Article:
Acute Patient Outcomes

As part of our quality framework, we regularly measure ourselves against a range of ‘Clinical Indicators’.

Hand Hygiene

Hand hygiene (or hand washing) is one of the best ways to stop infections so, as a priority, we educate and train all caregivers in the World Health Organisation’s (WHO) “five moments” for hand hygiene.

Our Infection Prevention Nurse and audit team complete compliance audits on a regular basis.

Patient Falls

A fall in a hospital is when a patient suddenly and unintentionally falls to the ground. This can happen in a hospital setting for several reasons, such as a change in medication or just because the surroundings are unfamiliar. Falls can injure patients and affect their recovery and independence.

We achieve a lower rate through our established Falls Prevention and Management Program and an electronic Incident/Risk Management and Reporting System. A variety of best practice tools and prevention intervention guidelines are utilised to identify those patients/consumers at high risk of having a fall. This graph shows the number of falls over the past year.

Pressure Injuries

A pressure injury is an area of damage to the skin and underlying tissue caused by constant pressure or friction. This can sometimes occur when a patient is in one position and unable to easily move for a long period.

Pressure injuries can be prevented. We also help to reduce the likelihood of our patients developing pressure injuries during their hospital stay, by assessing their individual risk and follow individual care plans.

As part of our clinical care, we inspect skin frequently, keep skin dry, ensure patients have access to the best nutrition and hydration, and help and encourage patients to move frequently.

This is very important in maintaining quality care as pressure injuries can cause significant pain and discomfort that can slow a patient’s recovery.

We achieve this rate through an established Pressure Injury Prevention Management Program and the reporting and monitoring of every pressure injury for the purposes of identifying areas for improvement.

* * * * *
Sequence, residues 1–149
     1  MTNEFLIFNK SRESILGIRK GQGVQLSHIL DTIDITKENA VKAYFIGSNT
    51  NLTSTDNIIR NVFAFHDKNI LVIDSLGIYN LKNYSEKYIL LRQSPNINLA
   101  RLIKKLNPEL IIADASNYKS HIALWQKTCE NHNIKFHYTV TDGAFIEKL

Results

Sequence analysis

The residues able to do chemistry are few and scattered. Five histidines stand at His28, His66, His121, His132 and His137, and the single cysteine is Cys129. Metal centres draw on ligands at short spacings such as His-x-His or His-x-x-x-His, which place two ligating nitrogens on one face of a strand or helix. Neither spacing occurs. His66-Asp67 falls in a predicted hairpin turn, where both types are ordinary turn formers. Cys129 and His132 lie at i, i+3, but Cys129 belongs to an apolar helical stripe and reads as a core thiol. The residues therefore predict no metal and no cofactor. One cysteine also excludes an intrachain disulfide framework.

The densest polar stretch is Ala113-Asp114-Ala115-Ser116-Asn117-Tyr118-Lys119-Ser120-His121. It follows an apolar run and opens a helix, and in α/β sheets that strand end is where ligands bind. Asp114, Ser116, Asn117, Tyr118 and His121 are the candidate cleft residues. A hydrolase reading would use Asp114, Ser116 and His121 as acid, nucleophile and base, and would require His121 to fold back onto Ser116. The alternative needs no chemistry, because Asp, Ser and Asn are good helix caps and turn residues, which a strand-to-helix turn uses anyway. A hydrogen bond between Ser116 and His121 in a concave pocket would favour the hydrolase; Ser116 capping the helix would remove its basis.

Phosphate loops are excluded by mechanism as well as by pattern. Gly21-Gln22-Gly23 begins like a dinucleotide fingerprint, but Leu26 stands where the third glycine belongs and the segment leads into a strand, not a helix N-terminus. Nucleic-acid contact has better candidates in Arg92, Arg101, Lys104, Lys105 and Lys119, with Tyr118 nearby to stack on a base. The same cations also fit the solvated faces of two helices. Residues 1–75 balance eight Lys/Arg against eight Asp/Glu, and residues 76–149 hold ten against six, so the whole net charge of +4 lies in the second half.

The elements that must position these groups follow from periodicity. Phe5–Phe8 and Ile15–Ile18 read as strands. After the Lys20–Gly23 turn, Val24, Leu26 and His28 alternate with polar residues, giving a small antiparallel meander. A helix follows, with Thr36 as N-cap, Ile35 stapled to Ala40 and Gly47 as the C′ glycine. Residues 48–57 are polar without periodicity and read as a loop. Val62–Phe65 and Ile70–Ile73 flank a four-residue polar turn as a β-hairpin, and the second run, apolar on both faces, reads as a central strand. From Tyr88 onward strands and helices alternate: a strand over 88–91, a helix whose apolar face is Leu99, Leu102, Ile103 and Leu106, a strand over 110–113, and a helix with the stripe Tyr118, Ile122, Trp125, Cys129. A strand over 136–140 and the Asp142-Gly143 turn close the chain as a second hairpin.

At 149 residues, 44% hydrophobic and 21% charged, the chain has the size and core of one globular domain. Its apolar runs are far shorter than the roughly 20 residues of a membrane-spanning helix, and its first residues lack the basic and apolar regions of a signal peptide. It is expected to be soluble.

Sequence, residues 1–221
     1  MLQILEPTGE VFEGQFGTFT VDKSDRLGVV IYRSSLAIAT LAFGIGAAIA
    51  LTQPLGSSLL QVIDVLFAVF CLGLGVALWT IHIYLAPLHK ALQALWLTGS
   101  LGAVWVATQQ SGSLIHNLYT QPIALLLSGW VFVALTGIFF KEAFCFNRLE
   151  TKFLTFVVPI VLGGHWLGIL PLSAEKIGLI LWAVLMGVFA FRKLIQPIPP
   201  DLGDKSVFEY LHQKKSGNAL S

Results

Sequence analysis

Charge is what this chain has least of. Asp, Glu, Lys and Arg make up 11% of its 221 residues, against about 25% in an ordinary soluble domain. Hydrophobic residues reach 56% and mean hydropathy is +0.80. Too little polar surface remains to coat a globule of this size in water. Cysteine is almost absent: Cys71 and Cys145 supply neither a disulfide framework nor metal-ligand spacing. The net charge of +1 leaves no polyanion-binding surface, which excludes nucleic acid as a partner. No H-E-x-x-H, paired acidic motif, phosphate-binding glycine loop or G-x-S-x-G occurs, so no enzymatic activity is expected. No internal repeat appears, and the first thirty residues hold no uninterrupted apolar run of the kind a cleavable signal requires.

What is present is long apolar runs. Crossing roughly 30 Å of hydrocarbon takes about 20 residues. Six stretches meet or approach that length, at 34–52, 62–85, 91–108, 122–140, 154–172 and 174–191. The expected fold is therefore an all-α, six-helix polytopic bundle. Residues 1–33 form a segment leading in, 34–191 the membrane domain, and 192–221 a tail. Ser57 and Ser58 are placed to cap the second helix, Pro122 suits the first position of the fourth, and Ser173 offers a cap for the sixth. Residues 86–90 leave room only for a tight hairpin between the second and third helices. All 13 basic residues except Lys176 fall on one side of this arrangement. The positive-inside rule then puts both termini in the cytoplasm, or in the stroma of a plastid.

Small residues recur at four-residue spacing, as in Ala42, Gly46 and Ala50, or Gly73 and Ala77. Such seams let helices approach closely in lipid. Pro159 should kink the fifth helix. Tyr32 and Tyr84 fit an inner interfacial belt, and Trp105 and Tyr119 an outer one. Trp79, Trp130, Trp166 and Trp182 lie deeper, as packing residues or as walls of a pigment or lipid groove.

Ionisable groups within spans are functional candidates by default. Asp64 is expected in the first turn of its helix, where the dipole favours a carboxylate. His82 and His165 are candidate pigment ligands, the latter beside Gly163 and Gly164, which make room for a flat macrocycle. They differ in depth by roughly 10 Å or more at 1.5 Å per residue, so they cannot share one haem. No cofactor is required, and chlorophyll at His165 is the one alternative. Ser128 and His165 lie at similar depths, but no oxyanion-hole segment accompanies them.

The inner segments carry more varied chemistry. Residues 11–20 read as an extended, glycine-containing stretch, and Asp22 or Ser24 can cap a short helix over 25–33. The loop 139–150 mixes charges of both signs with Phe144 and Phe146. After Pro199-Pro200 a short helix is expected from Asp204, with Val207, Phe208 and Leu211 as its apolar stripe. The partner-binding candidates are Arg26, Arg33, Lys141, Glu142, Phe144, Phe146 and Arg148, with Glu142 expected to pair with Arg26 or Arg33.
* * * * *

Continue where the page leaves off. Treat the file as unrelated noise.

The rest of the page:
The graph below shows the number of patients who developed a pressure injury while at Euroa Health.

Adverse Blood Transfusion Events

As part of a hospital admission, you may require a blood transfusion, which is a procedure where you receive blood through your vein. Blood transfusions may be necessary for several reasons, for example, if you are anaemic or if your body is not producing sufficient blood cells. Blood transfusions can be a lifesaving measure but is not without some risk and therefore is only prescribed after a doctor has deemed it necessary.

We achieve this by ensuring blood is only prescribed when necessary; ensuring staff are competent in blood transfusion management; and by ensuring that blood and blood product usage is in line with current best practice guidelines, as set out by the National Standard for Blood and Blood Products.

 Blood Management Standard | Australian Commission on Safety and Quality in Health Care

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Medication Errors

Each month Euroa Health identifies the number of medication errors occurring in the processes of prescribing or administration of medication. The graph below shows the number of medication errors per month for the service. 

 

Patient Experience Data

In 2021 Euroa Health commenced the collection of patient experience data to provide us with an insight into the ways in which patients view their experience of a number of non-clinical and clinical aspects of care.

These measures not only enable us to have a better understanding of how each patient perceives our quality of care in real time, they also provide the opportunity for us to act on any feedback or concerns straight away in partnership with them. The data collected is then used to inform our Quality and Improvement program. An example of the data in graph form is shown below

Standard 5 – Acute Audit (New), all figures % of patients surveyed 

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Patient Experience – is the patient happy with their room, quality of food, cleanliness of facilities, have they had their clinical journey and discharge plan explained to them, are they delighted with their experience at EHI and any suggestions for improvement

Patient Identification – is the patient wearing a legible and current identification band and does it identify any allergies, are they asked for 3 points of ID prior to any procedures or medications

Care Planning – was the patient included in planning their treatment and care, were they included in planning for their discharge from hospital

Bedside Handover – were clinical staff change of shift handovers performed at the patient’s bedside, were they included in the handover process and given the opportunity to provide input, was their communication board updated for their benefit

Nutrition – is the patient at risk of malnutrition, have they a choice in their nutrition plan, are weights recorded

Infection Prevention and Control – did staff observe the 5 Moments of hand hygiene 100% of the time, do all staff wear gloves, are all cannulas or catheters clean and are they changed regularly

Pressure Injuries – have they had a skin assessment, have they been advised on best methods to avoid PIs, if confined to bed do staff regularly assist with position changes

Medication Safety – have patient’s allergies been discussed with them, are they asked about them when receiving medications, have they had an opportunity to discuss any concerns about medications with their doctor or a pharmacist, are any medication changes explained to them

Clinical Deterioration – does the patient (and family) know and feel confident using the procedure for escalating their concerns if they are worried about their health